Central Procurement Organizations: The Good? The Bad? The Nothing?

Cost Of Poor Quality and it’s meaning in numbers for Procurement (template for calculations added)

COPQ

It’s all about key performance indicators these days. They say, whatever you measure and monitor – improves. A lot of companies these days have mature procurement functions: prices of items are negotiated and re-negotiated, innovation is being constantly tracked, value engineering is almost a second word after profit. Is there anything more, where procurement could add value? Yes, there is – by pushing costs of supplier none-performance up the stream.

Our colleagues, who speak Lean Six Sigma language, will understand very well – Cost Of Poor Quality. But this time – not internal. External. Procurement is the department negotiating contracts and commercial conditions. A part about Cost Of Poor Quality has to be a part of it.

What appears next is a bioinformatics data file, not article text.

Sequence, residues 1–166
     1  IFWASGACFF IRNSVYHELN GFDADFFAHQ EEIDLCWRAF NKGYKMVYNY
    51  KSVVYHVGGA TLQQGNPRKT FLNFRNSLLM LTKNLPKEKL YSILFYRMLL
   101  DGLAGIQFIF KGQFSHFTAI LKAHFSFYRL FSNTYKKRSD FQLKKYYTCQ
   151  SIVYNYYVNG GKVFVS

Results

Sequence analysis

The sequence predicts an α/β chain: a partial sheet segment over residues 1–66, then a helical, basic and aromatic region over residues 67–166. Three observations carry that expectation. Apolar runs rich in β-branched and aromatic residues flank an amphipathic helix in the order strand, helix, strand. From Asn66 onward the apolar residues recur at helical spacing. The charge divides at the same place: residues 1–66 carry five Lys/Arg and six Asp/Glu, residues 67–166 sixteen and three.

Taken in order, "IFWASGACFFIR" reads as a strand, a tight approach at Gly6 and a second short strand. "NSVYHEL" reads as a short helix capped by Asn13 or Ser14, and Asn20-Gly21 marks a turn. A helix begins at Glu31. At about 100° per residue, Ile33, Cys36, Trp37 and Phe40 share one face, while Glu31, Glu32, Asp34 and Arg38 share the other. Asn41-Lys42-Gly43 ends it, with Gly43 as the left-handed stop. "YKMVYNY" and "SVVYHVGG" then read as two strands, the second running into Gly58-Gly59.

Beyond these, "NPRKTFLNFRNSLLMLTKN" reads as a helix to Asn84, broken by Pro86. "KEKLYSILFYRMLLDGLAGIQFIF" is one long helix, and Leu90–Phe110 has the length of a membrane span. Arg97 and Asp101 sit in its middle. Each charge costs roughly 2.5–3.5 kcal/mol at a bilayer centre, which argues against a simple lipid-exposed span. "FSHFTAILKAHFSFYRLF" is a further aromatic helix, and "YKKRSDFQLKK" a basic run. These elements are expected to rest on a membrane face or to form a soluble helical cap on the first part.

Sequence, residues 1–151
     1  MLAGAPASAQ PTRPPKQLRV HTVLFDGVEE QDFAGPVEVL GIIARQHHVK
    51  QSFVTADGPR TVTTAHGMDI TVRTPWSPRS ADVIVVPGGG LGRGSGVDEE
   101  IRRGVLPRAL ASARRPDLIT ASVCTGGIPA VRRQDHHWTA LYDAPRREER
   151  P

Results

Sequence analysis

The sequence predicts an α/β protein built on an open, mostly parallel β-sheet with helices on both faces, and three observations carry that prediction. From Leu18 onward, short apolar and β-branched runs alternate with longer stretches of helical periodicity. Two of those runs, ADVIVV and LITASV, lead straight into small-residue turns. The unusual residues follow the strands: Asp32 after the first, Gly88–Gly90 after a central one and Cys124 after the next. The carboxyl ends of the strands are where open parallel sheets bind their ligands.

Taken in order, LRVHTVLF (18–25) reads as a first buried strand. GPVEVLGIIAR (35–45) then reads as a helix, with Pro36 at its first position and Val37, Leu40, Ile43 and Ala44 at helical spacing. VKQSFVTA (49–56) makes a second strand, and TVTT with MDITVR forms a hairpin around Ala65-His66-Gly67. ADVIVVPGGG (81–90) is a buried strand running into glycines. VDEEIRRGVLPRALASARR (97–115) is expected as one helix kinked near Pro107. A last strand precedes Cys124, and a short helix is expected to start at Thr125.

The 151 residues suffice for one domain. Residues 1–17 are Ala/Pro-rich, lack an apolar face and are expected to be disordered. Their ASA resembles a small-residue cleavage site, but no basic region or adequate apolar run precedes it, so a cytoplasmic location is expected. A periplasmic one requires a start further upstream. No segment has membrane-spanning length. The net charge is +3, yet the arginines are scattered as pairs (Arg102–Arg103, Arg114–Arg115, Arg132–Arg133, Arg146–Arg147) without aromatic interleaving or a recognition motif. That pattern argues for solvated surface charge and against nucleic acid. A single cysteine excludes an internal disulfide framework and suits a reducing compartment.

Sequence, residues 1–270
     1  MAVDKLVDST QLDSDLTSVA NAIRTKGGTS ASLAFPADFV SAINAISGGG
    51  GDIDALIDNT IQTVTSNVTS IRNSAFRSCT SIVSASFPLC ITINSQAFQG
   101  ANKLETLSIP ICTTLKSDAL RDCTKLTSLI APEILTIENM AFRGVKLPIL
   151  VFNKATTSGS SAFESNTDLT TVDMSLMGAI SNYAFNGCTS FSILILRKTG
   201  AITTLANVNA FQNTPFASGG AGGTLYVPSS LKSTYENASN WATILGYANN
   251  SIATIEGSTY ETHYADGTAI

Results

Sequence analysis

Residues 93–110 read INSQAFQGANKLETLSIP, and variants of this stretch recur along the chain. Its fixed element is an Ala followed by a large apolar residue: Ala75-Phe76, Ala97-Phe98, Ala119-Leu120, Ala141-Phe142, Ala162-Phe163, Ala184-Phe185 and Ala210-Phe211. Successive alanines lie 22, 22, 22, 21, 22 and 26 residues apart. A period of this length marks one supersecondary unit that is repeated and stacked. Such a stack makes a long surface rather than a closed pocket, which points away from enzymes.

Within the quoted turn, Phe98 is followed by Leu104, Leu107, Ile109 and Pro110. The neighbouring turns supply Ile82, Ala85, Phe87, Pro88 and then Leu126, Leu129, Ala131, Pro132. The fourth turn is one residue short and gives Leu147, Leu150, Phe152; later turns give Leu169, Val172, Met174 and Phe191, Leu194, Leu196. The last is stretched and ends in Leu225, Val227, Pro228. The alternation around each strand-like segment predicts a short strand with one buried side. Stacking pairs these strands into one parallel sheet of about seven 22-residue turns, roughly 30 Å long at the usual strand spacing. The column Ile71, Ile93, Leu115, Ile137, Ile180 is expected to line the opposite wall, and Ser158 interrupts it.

Analysing, what does it consist of, might not be very straightforward. However, once the numbers are calculated, you might be surprised by the size of it. Answer this question: what happens in your company, when something goes wrong with incoming goods:

  • package is damaged (transportation, primary, secondary);
  • quantity is not right;
  • delivery is late;
  • goods come with physical damage;
  • colour is wrong;
  • size is wrong;
  • laboratory tests are non-compliant;
  • products don’t meet specification requirements and you are able to spot it only during production, etc.

You will quickly realise, that a lot of people have to get involved and waste their time. Their time is company’s resource. Everything has a price. Why does company have to accept it?

Here is a clue of how a very simplified evaluation breakdown can look:Cost of Poor Quality 2016 06 17.

Try applying this at your work – if the numbers are worth the effort, try negotiating and adding these conditions into your contracts. There will be two options:

  1. The supplier pays the bill and Procurement department will be able to bring added value for the business.
  2. The supplier improves performance and the company will no longer have poor quality related costs. Which can also be tracked and reported as improvement and benefits.

Thanks for reading and good luck trying to further improve your company’s results!